Fluoride-Free Dentistry: What To Look For

Updated: May 23

Are you looking for a more holistic approach to taking care of your teeth? You may need to look for a fluoride-free dentist and here is what to expect.



Table of Contents:



What is a fluoride free dentist?

A fluoride-free dentist is a dentist that has embraced the philosophy of eliminating fluoride from your oral health care. They strive to provide care that is consistent with that belief. They will make choices such as choosing fluoride-free products at their dental office and recommending alternative options.



What products in dentistry contain fluoride?

The most obvious dental product that contains fluoride would be your toothpaste but there are quite a handful of other materials that you may not be aware of. Here is a list of fluoride containing dental materials and products.

  • Toothpaste

  • Mouthwash

  • Floss

  • Certain types of cavity fillings. There are some composite fillings that have fluoride incorporated in them and are used in teeth that are more prone to tooth decay. It is not the standard filling material but may be used for certain situations.

  • Core build ups. This is used to fill back in the cavity after a root canal.

  • Dental cements or glue. These are the cements that are used to glue in your dental crowns and veneers.

  • Fluoride varnish. This is direct topical application of fluoride and used mainly on kids. It has a very sticky consistency that will stay on your teeth for 24 hours. Insurances will stop covering this procedure once your child passes the age of 13. So, age thirteen is when you stop getting fluoride at the dentist.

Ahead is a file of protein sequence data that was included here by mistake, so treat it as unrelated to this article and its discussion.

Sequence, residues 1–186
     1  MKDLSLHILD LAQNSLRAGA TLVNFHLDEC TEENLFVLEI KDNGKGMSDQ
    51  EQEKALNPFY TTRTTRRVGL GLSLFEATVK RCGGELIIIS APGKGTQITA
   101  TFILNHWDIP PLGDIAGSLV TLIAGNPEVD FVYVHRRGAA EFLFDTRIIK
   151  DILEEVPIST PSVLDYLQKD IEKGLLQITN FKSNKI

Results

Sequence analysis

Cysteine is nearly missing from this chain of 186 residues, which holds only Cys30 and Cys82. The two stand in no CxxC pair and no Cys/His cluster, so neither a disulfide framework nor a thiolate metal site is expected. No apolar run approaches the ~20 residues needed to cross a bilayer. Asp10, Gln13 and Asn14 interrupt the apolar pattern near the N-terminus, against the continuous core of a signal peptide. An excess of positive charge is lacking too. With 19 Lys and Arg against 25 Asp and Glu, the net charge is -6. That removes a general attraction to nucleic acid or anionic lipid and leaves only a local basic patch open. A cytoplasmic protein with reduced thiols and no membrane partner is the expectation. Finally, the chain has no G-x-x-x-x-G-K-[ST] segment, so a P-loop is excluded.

• Prophy polishing paste. This is typically what is used at the end of a dental cleaning to polish your teeth. It is very similar to toothpaste.

Last but not least, do not forget that most dental offices are plumbed to connect with the local community water supply. This means that if your dentist is located in a fluoridated water supply, the office will naturally be using fluoridated water.


If you are looking for a fluoride free dentist, you should locate a dental practice that is in a non-fluoridated community. You can do this by searching the CDC website.



Is fluoride treatment necessary for teeth?

You may be surprised but fluoride is not necessary for teeth. Your teeth will grow and develop just fine without any of it. They won't fall out or become decayed just because there is no fluoride. Cavities developing has much more to do with your oral hygiene routine and your eating habits than anything else. If you indulge by eating sweet treats all day long, no amount of fluoride will save your teeth!


Since it is unnecessary, you can always refuse fluoride at the dentist and this goes for your child as well. Some people may feel like the fluoride treatment is not worth it because they simply don't think they need it. This is true for those who are at low risk for cavities.


Why do dentists push fluoride?

Just because it is not necessary for teeth, it does not mean that it is not beneficial for them. Dentists encourage the use of fluoride because it helps to strengthen the teeth.


Your teeth are made out of hydroxyapatite but when your tooth enamel comes into contact with a fluoride ion, it transforms into fluorapatite. This new substance is what strengthens your teeth and it does so by this.

  • Increased hardness.

  • Increased stability.

  • Decreased solubility to acid attacks.